There are significant differences between different eras of Greek language. Classical Greek especially can occasionally lead the student of biblical (koine) Greek down the garden path and into a cul-de-sac. Lots of questions about examples of that have already been answered on this site, so I will not go into that. Sticking just to the Greek used in the last book of the Bible, Revelation, it will be seen that there are nuances of meanings for every description of the dragon in that book. Yet given that the great adversary of God in the book of Revelation is the one, same entity working unseen in and through agencies he has raised up to wrest control of God's creation from him, there is enough detail in the book of Revelation to answer this question from the three texts you cite, especially as you ask what the apostle John and first century Christians would understand.
You ask if the Apostle John's use of the term δράκων [implied] anything supernatural and the answer to that is a straight 'yes' because the whole of Revelation was about supernatural, invisible entities, powers and battles going on in the unseen realms. But 'magic' has nothing to do with that last book of the Bible, neither has pagan superstitions.
Consider the significance of δράκων (drakon) appearing 13 times in the New Testament, but never outside of the book of Revelation. It is written eight times by John in Revelation chapter 12 alone. He is spoken of as 'great red dragon' once, 'great dragon' once, and 'dragon' six times - all within chapter 12 alone. This is where the arch-enemy of God appears, for the first time. Seven more times in that one chapter he further appears: as 'serpent' twice, as 'old serpent' once, as 'accuser' once, as 'devil' twice, and as 'satan' once.
Chapter 12 directed John, the Christians alive at the end of the first century who read this, and all Christians thereafter till this very day, as to how this invisible spirit is to be identified and viewed. He remains hidden in John's writing until the vision of the heavenly woman about to give birth in the mid-heavens to a male child causes his appearance as a symbolic great, red dragon, wanting to destroy the male child at the moment of birth. John and Christians then would have not had a shadow of doubt but that this indicated what had happened invisibly in the spiritual realms when the one appointed to rule the nations with an iron rod appeared as per Psalm 2 - "the seed of the woman" as per Genesis 3:15. Here is commentary on this dragon as detailed in chapter 12:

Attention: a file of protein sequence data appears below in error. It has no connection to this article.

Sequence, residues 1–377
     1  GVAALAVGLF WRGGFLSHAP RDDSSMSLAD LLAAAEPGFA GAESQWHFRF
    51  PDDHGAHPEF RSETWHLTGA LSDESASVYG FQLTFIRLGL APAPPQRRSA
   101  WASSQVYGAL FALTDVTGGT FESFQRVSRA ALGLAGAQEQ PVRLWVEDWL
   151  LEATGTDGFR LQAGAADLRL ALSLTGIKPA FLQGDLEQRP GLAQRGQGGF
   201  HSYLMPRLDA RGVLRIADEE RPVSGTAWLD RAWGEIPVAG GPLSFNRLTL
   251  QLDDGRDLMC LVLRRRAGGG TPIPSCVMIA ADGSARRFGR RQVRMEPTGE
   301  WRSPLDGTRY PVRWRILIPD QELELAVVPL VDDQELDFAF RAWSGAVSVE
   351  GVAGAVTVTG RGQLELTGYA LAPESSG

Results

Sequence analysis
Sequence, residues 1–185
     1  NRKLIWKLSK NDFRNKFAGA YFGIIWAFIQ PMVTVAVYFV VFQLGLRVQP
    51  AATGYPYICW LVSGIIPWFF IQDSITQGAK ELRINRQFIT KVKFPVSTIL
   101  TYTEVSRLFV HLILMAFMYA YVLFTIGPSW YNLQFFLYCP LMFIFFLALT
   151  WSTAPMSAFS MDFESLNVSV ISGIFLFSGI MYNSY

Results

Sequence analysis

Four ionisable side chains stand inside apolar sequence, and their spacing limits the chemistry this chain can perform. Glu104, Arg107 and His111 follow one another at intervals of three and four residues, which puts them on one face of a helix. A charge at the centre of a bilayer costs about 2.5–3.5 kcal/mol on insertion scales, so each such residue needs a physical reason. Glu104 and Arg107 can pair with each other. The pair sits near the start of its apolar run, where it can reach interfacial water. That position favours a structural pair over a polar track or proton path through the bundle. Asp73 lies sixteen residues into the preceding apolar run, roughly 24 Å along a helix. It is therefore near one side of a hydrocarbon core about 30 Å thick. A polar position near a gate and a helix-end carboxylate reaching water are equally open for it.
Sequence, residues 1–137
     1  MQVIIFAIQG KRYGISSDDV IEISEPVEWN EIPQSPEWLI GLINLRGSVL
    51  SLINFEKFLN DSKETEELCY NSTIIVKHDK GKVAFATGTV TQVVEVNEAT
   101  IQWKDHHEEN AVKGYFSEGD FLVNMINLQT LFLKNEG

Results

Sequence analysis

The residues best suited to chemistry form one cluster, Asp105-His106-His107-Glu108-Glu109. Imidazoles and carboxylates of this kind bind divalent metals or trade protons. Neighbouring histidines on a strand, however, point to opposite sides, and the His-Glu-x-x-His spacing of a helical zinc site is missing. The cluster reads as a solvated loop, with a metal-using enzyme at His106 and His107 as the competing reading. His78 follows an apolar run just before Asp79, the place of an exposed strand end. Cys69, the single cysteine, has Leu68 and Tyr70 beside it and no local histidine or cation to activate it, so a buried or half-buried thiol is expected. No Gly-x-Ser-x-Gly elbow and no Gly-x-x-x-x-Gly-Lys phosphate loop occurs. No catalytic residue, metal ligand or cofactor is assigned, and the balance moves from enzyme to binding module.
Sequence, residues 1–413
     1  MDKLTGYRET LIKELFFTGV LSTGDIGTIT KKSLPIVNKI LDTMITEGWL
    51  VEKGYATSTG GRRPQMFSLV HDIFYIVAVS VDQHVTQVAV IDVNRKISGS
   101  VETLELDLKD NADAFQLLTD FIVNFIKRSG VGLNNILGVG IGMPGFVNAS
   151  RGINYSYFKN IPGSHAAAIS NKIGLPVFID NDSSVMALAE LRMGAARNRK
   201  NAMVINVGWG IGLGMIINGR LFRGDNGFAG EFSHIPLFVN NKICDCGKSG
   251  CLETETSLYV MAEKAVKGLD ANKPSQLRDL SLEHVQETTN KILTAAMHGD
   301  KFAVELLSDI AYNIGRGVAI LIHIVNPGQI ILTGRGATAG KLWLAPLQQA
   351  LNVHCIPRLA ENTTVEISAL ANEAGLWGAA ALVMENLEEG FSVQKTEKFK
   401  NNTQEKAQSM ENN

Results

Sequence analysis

"That this monstrous dragon cannot be seen, takes nothing from the
symbolism. This is what comes to light at the birth of the one
appointed of God to rule the nations with a rod of iron. At the
nativity of the King of kings to whom the crown rights of all the
nations pertain, the heir who is to rule the world, the adversary is
galvanized into such rapacity that no figure could be more suited to
portray him than a 'great red dragon'.
Never before. But at last, with the birth of the chosen and elect
heir, the hitherto unbroken sway of the adversary, in contention for
world dominion, not only is contested, it is downright denied and
challenged root and branch. This brings out the dragon...
Christ is come to take it from him, for the adversary obtained it by
subtlety, rebellion, and wickedness, but God had chosen his Anointed,
appointing to him the crown rights of world dominion. I say, this
brings out the dragon." The Revelation of Jesus Christ, pp 292-3,
All Christians should be so familiar with all the prophecies in the Bible about the battle between God as his invisible arch-enemy, that when the final, epic prophecies John wrote down are given, all the pieces should fall into place. It should all make sense, especially with other descriptions, like 'serpent' 'accuser' 'devil' and 'satan' applying equally to this symbolic dragon.
All of those first century Christians would know enough of pagan ideas about Bel, and Dagon etc (gods of Old Testament times) so as to shun everything those polytheistic pagans taught about dragons and serpents. Why would Christians of today seek to do the exact opposite and delve into pagan literature about this?
In the New Testament the Greek ὄφις (ophis) means a snake/serpent. In 2 Corinthians 11:3, Christians knew that it was the serpent that beguiled Eve through its cunning, but they also knew that the spiritual seed of the woman would crush that spiritual serpent in its head - destroying it. That was what guided their beliefs about the serpent. They would not be beguiled by pagan legends or beliefs. The five times ὄφις (ophis) occurred in Revelation, would confirm all of that to them.
The Revelation would build up their faith that satan's wrath against them would only be permitted by God for so long, then God would cast him and his legions into eternal judgment, but for their eternal deliverance. That would be the 'image' that the book of Revelation would give them as to the unseen adversary, out to destroy the people of God, and to usurp the Kingdom of God. Chapter 12 of Revelation would give them a 'picture' of that triumph secured with God snatching the male child up to his throne, so that the dragon was defeated at that instant. Then he was cast down, confined to the Earth, with the next steps detailed, leading to final judgment for all rebels against God. The comfort that would give John and all other Christians would be immense, as it should equally comfort Christians today.